We went out fairly early this morning, so our democratic right/duty is all done and dusted.  Roll on tonight. I think I’m going to have to go visit someone with a telly.  🙂

Election Day is here

I thought, up until a few hours ago, that I knew how I was going to vote. But no … better think again.

I had thought I’d give my party vote to the Kiwi Party – and would still love to – but if I want a change of government, and I certainly do, then I have to give it to National. I think this is going to be a very interesting election. The smaller party vote (other than perhaps the Maori Party), is likely to dry up in my estimation.

Can’t remember if I posted this before, but I think win or lose, Helen Clark will resign within 2 months after this election. I think she’s got a plum overseas job lined up, and is ready to fly the coop. No particular reason for this one. Just a feeling.

So anyway, its Party Vote National for me, and maybe I’ll give Tony Christiansen a shot for the local choice. In truth I would have loved to vote for the Kiwi Party. They deserved my vote, simply for the quality of their marketing if nothing else. But if John Key manages not to lose it, then he deserves it too. I like his style. I like that he has matured a bit in terms of his public debating etc.

I also think this is a unique opportunity for NZ. We’ve never had an independently wealthy individual (i.e. someone who is already a significant financial success) running the place. Dont get me wrong. I appreciate that there are other measures of success besides money, but most things one aspires to, require a certain level of funds in the kitty, and the same is true of nations. Now is the time to give someone like him a shot. We’re going in to what is possibly the worst recession in many decades. What have we got to lose? Lets see what he’s made of.

NZ National Goal Setting – An idea whose time has come.

I don’t usually buy the newspapers, but found this link in the Weekend Herald. It’s quite a novel concept, although you can’t help but wonder why it hasn’t been suggested before now. Kind of transcends all the party political stuff, in favour of the country, and where we want to see ourselves in the future. I downloaded the document and it is a clear, well laid out summary of our economic history, and likely future if we carry on as we have been doing. 13 pages in large easy to read type.

If there’s an economic tsunami on the way, maybe its a fantastic opportunity to re-evaluate what we are doing and where we are going as a nation. So rather than wonder what we’re in for, I thoroughly recommend you check this out, and send it to all your email friends, and maybe a few offline ones too.

Happy voting next Saturday.

NZ Parliamentary Elections 2008

Ok, I’m going to retract my original prediction. It all appears to be going very much National’s way, although there are still a little over 3 weeks before polling day, on November 8th I believe.

The reason I’ve done this about turn, and decided to go with the pundits in predicting a National win, is that there seems to be an appetite for a change of government out there. It’s not so much about National or Labour as it is “let’s have someone new”. So there you have it.  John Key’s boyhood prediction of becoming Prime Minister, may well be about to come true.

The one thing I do not trust him about (and remember, I am generally pro-National), is Nuclear Power. I think he’ll have the damn things under construction, very early in his term. It would be hard to forgive that.

I admire his work ethic and results-oriented style, and I also admire the fact that he appears to be well and truly holding his own against the vastly more experienced Clark. But if he takes New Zealand down the Nuclear Path (BTW, I am no greenie),  it will be the most blatant bit of money making at our country’s expense, ever seen in our history I believe. My six-year old is worried about nuclear power coming to this country. I hope the day doesn’t arrive, when I have to tell him its here.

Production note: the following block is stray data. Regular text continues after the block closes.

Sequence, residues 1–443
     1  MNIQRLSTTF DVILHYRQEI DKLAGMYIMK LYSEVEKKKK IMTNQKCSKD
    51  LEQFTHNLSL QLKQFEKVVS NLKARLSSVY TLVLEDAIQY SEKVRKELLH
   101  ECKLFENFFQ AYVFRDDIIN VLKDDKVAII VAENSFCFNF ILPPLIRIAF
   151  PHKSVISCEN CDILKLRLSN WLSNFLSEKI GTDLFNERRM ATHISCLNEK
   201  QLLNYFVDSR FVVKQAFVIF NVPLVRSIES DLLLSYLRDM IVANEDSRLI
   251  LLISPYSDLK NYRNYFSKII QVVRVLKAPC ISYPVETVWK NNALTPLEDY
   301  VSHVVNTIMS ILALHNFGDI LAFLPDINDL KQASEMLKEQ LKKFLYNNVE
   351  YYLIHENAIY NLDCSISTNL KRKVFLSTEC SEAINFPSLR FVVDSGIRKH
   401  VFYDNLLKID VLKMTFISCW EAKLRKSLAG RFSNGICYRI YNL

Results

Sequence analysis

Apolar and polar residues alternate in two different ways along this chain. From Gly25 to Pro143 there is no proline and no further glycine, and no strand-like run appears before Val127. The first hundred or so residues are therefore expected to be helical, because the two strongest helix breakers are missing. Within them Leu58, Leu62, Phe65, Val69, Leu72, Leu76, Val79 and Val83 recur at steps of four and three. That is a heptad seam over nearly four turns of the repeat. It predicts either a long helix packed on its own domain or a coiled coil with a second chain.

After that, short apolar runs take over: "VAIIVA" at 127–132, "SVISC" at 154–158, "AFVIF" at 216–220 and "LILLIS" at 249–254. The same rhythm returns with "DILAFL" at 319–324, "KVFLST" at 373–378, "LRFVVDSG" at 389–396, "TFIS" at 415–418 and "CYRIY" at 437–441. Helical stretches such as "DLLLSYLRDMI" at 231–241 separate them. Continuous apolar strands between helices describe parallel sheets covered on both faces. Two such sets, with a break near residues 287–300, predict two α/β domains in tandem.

Many years ago I went to an art exhibition in Auckland and beheld, for the first time, the difference between an art print and the sheer magnificence of the original work. It was the Reader’s Digest exhibition from memory (I’m talking the early 1980’s here), and the painting which stopped me in my tracks was Monet’s “Paysage Dans L’Ile Saint Martin”. I don’t recall how much the entry fee was, but the impact of that painting will stay with me forever. Until that time I had virtually zero appreciation of the value of art, or for that matter, the meaning of the word “priceless”.

So, when an invitation to the 2008 Institute of Registered Music Teachers Showcase Concert came my way, I hadn’t the slightest idea of what to expect. In effect the IRMT (BOP Branch) event was an opportunity for our local children to showcase their musical talents, but for me, it turned out to be a second epiphany which I can’t help but liken to the viewing of that huge, original, Monet canvas.

The entry fee this time was $6, and my neighbour who’d invited me along even shouted me. So for me the only investment was my time, yet the experience was priceless. And there’s that huge word again. What these children are able to do with piano and violin is beyond description.

I imagine a formal “review” of this type of event would include knowledgeable references to the types and styles of music played, but I am a very ordinary Kiwi, and my musical history is limited pretty much to what I heard on the radio when I was young. I don’t even listen to that much anymore.

So the Chopin’s and the Debussy’s and the Mendelssohn’s simply conspired together for a night of sheer bliss and inspiration.

Fingers delighting on keyboard

Bows dancing deftly on strings

Piano, violin, songbirds, cello and flute.

And that brings me back to the Monet.

No recording could ever speak to the heart of the listener, as the original performance can do. The instruments were given life by the players.

What also struck me was the countless hours of practice that must go into the apparent “talent” of these young musicians. Forgive the quote marks. There is no question that they are genuinely talented, but this talent is so clearly gained via sheer application and hard work. This was a new slant on the concept of talent for me. I used to think of it as a natural aptitude, but now I believe it can be acquired by anyone so motivated to be prepared to work towards it.

This performance literally altered my view of the world to such a profound extent, that I had the idea to somehow duplicate the idea of the “books in homes” program, to establish a “music in homes” version. ?? Or at least find out a means of sponsoring/encouraging both parents and children, to go out and see at least one live performance.

For all their youth, and they ranged in age from about 8 to 18, they opened places in my heart, that I had forgotten existed.

I don’t know what music lessons cost, but I do have an idea of their value now, and my 6yo is already booked in.